The artworks recovered in Messina are:

“Paesaggio” signed with the initials “a.s.”
“Uomo con Cappello” signed with the initials “bv”
“Natura Morta” by Giuliana Cappello
“Nudo di Donna” by Giuliana Cappello
“Tree and Head” by Salvator Dalì
“Figure su Sfondo Rosso”, by Renato Guttuso
“Combattimento Tra Due Galli” by Mario Pinizzotto
“Folla con Sfondo Sole Rosso e Volto Barbuto” by Mario Pinizzotto
“Pescatore” by Mario Pinizzotto
“Pescivendolo” by Mario Pinizzotto
“Veduta Urbana con Persone”, by Mario Pinizzotto
“Ponte Vecchio”
A bust of Christ 

The artworks are believed to be a small portion of the collection of 78 year old Calabrian businessman Gioacchino Campolo, who was sentenced in 2011 to 18 years house arrest for criminal association, extortion and usury jointly by the Casalesi clan of the Camorra and the De Stefano 'ndrina, one of the most powerful 'Ndràngheta clans in Reggio Calabria.

Gioacchino Campolo 
With an estimated €320 million in assets Campolo needed a creative form of investment.  He transformed his profits from crime and corruption into forty real estate holdings in Paris, Rome and Reggio Calabria and by buying noteworthy artworks. In 2013, the Italian government formally confiscated 125 works from his collection including paintings by Salvador Dalì, Giorgio De Chirico, Bonalumi, Carrà, Lucio Fontana, Renato Guttuso, Domenico Purificato, Rosai, Mario Sironi, Antonio Ligabue and many others.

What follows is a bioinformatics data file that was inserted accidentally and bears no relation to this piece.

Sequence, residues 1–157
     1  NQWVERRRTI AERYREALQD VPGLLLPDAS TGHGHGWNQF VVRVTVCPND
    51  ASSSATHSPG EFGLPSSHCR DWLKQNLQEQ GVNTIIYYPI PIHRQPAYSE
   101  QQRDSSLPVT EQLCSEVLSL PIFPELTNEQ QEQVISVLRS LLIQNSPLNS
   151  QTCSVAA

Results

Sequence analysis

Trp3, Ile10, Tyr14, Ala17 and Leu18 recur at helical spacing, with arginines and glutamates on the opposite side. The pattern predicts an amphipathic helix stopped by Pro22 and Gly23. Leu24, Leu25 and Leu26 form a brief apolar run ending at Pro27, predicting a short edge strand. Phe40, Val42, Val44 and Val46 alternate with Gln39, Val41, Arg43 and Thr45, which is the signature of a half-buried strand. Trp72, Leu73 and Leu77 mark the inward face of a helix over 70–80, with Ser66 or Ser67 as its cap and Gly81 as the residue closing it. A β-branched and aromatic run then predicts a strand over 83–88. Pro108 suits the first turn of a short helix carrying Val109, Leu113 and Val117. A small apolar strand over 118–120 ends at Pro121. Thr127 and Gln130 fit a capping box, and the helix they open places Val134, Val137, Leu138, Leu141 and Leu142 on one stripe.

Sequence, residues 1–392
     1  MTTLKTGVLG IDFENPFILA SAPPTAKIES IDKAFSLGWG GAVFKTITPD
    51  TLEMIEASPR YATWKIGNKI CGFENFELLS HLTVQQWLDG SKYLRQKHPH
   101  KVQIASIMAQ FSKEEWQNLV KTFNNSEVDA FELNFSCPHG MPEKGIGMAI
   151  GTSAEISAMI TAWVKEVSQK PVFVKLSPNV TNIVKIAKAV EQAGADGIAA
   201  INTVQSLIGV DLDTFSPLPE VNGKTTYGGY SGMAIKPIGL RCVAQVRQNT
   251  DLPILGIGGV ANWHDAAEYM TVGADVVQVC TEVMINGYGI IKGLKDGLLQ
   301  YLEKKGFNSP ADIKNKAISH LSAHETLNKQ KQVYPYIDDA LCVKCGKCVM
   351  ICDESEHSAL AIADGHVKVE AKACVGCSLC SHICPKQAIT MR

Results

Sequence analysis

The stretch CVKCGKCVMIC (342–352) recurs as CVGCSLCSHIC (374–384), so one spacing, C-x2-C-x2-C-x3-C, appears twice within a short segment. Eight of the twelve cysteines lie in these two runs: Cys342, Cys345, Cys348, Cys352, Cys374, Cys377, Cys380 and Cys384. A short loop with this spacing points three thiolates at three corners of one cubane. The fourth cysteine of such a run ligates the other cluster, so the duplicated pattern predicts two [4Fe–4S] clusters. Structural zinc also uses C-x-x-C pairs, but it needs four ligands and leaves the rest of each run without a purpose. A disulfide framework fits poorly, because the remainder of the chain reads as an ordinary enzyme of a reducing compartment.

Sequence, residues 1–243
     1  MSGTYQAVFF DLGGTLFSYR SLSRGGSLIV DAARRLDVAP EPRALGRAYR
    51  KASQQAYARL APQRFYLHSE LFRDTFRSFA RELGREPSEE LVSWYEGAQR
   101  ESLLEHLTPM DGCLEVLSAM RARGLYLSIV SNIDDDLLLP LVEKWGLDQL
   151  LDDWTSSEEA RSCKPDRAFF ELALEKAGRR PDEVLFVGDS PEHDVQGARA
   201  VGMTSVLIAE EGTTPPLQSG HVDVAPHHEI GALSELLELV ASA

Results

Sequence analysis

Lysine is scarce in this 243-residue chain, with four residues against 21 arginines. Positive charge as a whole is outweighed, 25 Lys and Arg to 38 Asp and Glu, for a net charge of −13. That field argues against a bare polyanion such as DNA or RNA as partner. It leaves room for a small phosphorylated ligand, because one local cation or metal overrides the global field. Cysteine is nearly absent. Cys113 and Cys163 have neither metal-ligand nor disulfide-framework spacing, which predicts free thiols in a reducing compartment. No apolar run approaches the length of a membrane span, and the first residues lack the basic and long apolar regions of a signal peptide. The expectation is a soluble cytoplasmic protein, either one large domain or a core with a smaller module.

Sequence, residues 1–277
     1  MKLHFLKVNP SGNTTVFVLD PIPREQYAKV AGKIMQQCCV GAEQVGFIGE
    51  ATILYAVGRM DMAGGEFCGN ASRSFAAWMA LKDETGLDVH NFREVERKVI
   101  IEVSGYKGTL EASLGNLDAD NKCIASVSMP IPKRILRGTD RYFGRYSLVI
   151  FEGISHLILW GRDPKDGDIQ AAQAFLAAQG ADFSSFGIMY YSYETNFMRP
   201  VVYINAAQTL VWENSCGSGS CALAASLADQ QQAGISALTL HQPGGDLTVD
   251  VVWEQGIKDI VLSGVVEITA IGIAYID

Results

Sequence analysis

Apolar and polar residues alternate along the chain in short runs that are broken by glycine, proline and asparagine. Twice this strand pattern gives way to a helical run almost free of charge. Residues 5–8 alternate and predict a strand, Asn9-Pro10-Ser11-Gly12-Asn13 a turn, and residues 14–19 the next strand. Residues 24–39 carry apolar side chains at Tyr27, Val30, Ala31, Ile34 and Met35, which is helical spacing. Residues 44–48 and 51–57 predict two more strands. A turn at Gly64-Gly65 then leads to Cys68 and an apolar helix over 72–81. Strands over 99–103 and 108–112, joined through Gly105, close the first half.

Those art works are now part of a permanent exhibition titled “From shadow to light,” housed in a four thousand square meter gallery at the Palace of Culture in Reggio Calabria.

The owner of the properties where the 2017 recent cache of artworks were recovered has been charged with receiving stolen goods and is reported to possibly be a former employee.

By: Lynda Albertson